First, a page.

Black and Gay in Corporate America - Black Enterprise
Career Magazine

Black and Gay in Corporate America

companies collaborate and partner with major LGBT organizations, explains Burton, 45, who for more than a decade served as a global business development executive for IBM and also served as an expert witness before the U.S. Senate in support of the federal adoption of domestic partnership benefits for federal employees.

Boston maintains that companies must improve policy development efforts regarding fertility coverage for lesbian couples, surrogacy benefits for gay male couples, and unfair taxation of domestic partner benefits. “On average, domestic-partner couples incur an additional $1,500 annually in taxes whereas if they were a married heterosexual couple they would not pay,” he explains. Only five states legally recognize same-sex marriage and another six states (plus the District of Columbia) validate some form of civil unions. Nationwide, which is on BE’s  40 Best Companies list and the Human Rights Campaign’s list, has restructured its benefits package to be more LGBT inclusive. “We have had a very forward-looking approach to our benefits,” says Candice Barnhardt, the company’s chief diversity officer. “We have been active around the tax equity act so that the taxation of domestic partner health plan benefits is treated more fairly.”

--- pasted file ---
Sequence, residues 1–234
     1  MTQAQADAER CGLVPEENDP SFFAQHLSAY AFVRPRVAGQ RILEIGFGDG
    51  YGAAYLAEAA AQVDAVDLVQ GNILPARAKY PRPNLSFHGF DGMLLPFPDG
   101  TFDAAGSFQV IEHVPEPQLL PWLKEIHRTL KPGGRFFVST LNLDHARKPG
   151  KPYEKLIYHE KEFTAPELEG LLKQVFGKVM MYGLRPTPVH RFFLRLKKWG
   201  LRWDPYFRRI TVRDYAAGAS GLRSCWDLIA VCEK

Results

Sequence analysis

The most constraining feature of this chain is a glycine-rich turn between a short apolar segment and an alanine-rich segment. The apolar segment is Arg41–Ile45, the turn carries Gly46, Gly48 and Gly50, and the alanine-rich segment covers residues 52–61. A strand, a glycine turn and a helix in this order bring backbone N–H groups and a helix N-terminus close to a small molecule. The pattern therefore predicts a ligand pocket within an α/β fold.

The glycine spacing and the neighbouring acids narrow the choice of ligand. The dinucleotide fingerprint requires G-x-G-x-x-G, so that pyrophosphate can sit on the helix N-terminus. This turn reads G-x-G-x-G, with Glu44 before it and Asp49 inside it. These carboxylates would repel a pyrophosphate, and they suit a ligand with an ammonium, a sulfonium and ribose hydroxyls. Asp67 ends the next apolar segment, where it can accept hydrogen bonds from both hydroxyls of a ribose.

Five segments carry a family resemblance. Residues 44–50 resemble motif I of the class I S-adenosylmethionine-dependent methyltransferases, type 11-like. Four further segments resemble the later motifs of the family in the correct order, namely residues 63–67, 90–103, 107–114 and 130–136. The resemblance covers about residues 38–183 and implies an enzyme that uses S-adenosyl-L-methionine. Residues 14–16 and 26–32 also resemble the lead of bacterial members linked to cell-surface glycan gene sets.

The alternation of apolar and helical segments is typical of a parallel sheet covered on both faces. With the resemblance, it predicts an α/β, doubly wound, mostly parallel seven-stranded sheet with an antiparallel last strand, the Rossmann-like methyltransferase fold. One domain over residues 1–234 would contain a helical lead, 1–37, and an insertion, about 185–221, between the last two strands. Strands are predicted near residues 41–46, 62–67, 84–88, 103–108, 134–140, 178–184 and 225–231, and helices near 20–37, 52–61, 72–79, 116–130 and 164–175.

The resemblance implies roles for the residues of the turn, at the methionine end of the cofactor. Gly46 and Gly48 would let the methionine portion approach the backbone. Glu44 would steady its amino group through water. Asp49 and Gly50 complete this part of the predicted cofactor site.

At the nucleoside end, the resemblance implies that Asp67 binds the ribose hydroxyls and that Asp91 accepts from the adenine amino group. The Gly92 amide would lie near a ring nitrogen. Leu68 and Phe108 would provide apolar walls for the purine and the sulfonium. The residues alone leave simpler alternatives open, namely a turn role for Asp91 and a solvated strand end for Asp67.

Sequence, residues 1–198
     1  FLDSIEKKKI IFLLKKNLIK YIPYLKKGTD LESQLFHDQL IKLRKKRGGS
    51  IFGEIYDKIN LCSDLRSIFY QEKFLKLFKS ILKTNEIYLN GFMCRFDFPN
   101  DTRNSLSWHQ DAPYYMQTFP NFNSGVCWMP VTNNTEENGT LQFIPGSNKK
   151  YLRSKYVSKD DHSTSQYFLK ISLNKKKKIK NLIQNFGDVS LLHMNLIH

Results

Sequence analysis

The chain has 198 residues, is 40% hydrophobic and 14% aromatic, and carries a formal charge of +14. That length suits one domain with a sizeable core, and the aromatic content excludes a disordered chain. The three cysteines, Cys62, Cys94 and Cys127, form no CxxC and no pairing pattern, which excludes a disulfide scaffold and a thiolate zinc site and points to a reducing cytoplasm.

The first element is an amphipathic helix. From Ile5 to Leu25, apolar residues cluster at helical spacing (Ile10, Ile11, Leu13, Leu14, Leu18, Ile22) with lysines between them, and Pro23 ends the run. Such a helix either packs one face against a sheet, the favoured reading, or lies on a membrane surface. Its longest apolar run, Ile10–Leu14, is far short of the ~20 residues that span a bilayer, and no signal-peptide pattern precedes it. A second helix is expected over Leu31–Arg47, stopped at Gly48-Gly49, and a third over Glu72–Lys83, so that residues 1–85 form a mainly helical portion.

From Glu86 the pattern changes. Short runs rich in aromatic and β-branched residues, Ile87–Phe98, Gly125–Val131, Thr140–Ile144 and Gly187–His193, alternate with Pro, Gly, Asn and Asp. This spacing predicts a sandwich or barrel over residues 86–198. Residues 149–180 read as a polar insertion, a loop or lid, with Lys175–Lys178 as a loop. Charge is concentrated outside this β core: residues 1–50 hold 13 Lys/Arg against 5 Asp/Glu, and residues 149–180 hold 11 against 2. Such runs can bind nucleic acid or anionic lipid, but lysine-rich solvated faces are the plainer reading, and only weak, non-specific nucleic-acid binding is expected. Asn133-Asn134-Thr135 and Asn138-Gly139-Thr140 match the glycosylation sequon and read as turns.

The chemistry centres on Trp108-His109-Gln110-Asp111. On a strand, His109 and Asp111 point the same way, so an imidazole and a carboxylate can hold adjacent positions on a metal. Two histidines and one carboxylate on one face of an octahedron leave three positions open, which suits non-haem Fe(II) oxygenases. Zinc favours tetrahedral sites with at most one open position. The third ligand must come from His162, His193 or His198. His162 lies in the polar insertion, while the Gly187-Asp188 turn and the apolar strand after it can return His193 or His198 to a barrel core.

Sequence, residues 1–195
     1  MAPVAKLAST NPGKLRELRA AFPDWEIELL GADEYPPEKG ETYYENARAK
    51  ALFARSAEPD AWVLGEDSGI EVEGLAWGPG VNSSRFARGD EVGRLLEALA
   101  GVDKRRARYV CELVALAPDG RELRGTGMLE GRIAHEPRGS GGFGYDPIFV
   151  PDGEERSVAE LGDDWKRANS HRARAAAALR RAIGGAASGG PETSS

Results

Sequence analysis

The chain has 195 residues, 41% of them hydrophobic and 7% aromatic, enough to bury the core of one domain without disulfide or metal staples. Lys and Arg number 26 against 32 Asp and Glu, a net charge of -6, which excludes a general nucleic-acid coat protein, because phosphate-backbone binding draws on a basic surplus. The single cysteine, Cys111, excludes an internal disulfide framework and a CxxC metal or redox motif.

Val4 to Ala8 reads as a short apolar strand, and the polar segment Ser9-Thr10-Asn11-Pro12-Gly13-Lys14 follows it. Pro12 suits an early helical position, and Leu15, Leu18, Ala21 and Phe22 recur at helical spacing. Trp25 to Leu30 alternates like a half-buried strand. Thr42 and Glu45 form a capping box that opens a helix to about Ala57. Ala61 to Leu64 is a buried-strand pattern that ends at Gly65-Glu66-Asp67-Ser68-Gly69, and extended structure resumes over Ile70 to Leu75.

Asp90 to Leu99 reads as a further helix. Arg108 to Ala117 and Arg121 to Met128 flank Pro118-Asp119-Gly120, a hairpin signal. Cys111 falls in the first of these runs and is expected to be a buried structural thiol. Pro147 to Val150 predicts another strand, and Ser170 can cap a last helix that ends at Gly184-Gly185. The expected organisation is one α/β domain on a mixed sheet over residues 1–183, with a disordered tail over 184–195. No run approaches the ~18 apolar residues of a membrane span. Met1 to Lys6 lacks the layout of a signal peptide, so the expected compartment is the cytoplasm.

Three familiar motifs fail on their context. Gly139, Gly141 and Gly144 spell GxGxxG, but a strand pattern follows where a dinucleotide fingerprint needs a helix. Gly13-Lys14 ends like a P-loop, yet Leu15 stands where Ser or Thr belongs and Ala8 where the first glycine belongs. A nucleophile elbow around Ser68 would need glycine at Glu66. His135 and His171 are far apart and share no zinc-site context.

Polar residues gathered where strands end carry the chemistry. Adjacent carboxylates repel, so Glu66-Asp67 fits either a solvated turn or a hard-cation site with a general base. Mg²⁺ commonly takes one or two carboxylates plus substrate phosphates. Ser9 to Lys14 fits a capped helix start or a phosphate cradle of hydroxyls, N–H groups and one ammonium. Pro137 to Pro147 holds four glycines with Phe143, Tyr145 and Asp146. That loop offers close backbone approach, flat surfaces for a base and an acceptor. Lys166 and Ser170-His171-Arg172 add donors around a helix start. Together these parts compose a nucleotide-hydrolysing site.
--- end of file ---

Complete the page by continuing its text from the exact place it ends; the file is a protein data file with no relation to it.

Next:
Smart, aggressive companies are also targeting their marketing and advertising campaigns to reach the LGBT consumer market, which has estimated buying power of $835 billion. Aaron Walton is co-founder and co-CEO of Los Angeles-based Walton Isaacson (No. 8 on the BE Advertising Agencies list with $12 million in revenues), which has helped develop campaigns for Dove, Courvoisier, Harrah’s, and Maytag to reach this growing segment. “Black gay consumers and employees have a different perspective on LGBT marketing because they have lived with being a minority within a minority,” says Walton, who is openly gay and has been with his partner for 24 years. “We make sure brands understand that being inclusive is not going to hurt their general market efforts. It will actually bring in new consumers and help build their business.” He further states that roughly 85% of general market consumers don’t care if a brand they prefer has also been targeted to the LGBT community.


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